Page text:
Alaska Bound

Gritty Gal and her backpack outside her home in Lodi, Wisconsin
After weeks of preparation and packing, I’m finally ready for summer in the Arctic.

I find myself at the beginning of a journey, bound for the Arctic National Wildlife Refuge, one of the world’s last great wildernesses.  My father will be my travel companion and together with my dad’s cousin, Heimo Korth, a veteran of the Alaskan bush, we will learn how to survive life in the wilderness.

In Alaska, my home will be my tent, my bed will be a mat, my bathroom will be a hole in the ground, my water will come from the river or from a spring, and my food will be whatever we manage to kill, catch or gather. Over the course of the next year, I will be making four trips to the Alaskan Arctic, staying for one month each season. For my first trip, we will help Heimo Korth build a new cabin from scratch and then head for the high country in search of caribou.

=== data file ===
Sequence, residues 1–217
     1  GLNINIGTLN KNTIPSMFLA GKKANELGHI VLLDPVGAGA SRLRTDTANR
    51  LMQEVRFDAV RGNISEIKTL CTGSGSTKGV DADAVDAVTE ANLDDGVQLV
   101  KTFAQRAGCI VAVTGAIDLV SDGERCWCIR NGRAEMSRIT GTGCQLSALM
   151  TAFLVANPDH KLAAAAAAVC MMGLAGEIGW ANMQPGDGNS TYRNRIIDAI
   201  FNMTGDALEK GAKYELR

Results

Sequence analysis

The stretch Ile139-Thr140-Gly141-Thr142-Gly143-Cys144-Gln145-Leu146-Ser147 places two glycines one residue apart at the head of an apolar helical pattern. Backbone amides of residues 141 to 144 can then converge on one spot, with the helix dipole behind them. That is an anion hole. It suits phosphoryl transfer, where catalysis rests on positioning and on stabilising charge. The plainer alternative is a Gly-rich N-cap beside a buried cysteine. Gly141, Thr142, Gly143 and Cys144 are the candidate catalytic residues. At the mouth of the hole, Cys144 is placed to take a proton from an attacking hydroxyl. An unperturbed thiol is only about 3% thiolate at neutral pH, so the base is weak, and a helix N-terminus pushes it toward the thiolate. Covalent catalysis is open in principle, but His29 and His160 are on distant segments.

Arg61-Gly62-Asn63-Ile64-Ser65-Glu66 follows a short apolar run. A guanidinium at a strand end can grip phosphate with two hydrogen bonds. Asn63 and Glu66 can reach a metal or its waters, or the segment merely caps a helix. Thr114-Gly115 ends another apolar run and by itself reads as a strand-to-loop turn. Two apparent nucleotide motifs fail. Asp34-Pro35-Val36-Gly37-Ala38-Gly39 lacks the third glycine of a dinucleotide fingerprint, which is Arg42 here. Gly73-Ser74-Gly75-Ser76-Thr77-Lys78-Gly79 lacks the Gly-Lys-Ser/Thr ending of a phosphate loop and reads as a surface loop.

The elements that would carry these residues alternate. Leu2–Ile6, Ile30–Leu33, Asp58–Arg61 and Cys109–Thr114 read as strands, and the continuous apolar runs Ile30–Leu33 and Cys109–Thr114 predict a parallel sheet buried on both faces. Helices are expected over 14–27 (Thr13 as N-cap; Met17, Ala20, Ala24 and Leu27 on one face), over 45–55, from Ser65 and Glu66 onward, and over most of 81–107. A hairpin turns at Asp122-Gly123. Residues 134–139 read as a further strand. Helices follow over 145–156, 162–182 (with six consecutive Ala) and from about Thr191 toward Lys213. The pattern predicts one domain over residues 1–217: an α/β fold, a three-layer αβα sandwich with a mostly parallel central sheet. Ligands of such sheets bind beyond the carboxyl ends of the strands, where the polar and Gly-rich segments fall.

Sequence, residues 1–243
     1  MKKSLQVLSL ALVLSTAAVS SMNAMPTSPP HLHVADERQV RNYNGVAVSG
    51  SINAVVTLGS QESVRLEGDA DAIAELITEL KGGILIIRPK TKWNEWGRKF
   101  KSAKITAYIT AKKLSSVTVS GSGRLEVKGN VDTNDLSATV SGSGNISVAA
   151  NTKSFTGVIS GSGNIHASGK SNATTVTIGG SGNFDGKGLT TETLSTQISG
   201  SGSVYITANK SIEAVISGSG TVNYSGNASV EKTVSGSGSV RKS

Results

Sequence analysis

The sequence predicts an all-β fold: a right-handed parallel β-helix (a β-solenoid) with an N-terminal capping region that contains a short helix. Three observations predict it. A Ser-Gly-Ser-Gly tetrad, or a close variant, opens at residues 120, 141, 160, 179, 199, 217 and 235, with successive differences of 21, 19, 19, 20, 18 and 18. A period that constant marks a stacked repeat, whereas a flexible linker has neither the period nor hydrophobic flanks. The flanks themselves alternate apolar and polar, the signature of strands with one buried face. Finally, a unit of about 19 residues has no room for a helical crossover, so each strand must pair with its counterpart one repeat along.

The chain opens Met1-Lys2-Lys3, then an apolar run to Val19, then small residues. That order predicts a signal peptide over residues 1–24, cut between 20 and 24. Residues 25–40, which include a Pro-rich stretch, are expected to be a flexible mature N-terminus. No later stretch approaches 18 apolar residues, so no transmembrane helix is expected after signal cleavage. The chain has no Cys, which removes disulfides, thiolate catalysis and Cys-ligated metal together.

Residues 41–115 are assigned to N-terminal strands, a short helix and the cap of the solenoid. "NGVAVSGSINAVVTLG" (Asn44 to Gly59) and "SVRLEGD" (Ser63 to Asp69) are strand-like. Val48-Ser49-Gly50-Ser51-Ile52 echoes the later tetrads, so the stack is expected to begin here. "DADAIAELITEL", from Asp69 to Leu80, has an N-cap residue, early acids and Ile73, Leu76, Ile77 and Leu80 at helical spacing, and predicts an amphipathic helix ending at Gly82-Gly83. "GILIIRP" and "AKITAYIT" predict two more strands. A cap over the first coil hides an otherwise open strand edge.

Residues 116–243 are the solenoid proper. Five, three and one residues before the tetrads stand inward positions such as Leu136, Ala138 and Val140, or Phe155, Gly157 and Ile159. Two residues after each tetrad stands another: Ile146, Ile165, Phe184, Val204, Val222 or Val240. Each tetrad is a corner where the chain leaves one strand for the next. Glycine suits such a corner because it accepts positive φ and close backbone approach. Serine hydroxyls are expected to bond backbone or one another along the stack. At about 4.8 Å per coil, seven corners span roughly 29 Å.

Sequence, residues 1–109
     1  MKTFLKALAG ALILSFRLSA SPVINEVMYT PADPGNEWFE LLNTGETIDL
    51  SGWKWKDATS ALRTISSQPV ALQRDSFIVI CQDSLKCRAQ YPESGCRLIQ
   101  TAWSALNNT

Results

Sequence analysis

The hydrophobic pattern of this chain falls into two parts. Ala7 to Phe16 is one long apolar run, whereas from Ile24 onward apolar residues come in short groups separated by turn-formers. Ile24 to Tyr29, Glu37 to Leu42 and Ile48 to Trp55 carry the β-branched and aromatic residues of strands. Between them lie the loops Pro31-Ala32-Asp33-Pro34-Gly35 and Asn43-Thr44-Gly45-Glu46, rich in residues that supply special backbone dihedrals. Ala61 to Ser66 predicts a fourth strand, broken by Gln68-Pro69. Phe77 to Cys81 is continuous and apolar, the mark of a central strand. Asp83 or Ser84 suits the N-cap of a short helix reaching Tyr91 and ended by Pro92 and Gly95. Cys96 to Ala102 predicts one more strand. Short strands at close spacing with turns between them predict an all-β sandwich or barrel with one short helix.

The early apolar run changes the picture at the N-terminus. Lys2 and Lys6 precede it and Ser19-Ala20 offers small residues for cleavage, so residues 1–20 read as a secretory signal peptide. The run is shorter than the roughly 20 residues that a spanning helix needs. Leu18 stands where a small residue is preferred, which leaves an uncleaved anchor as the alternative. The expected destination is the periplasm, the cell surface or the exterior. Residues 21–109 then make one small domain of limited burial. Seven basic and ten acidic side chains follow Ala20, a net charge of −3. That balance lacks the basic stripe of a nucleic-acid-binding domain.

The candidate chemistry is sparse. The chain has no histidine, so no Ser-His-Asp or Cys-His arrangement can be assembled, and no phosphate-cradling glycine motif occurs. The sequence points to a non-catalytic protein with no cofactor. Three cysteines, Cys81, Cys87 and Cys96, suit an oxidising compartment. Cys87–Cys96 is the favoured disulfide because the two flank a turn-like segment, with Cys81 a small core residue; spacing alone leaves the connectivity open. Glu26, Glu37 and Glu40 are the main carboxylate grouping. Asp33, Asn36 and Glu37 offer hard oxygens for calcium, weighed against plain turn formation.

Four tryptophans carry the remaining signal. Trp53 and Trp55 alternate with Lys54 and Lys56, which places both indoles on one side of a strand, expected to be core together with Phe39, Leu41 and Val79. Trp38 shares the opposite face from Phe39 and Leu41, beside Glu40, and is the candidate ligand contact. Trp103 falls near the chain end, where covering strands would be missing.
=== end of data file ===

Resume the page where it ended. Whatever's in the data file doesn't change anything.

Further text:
And, so, unlike most kids my age, I will not be spending my summer vacationing at a summer-house, tanning at the pool, shopping with friends on State Street, or binge-watching Pretty Little Liars for hours (as I may have under normal circumstances). Instead I will be 130 miles above the Arctic Circle, 3 hours by bush plane from Fairbanks, in one of the most remote and isolated places in the world, swatting clouds of mosquitoes, and praying I won’t encounter an angry mother grizzly (a sow) protecting her cubs or a territorial moose. In other words, I will be in the middle of nowhere.  There is a better chance of reaching Santa at the North Pole than reaching Aidan Campbell in the Arctic.

5 thoughts on “Alaska Bound”

  1. Aidan – how exciting! This is your Dad’s cousin Terri Pawer. I’ll be following your adventures with great interest. Be safe and have a blast!

  2. I just listened to you and your father’s interview on 45 North and immediately felt compelled to read your entire blog. I have dreamed of such an experience my entire life. It brings me great joy to hear there are still people thriving in nature the way your uncle (and now you) does. Best of luck on your future adventures!

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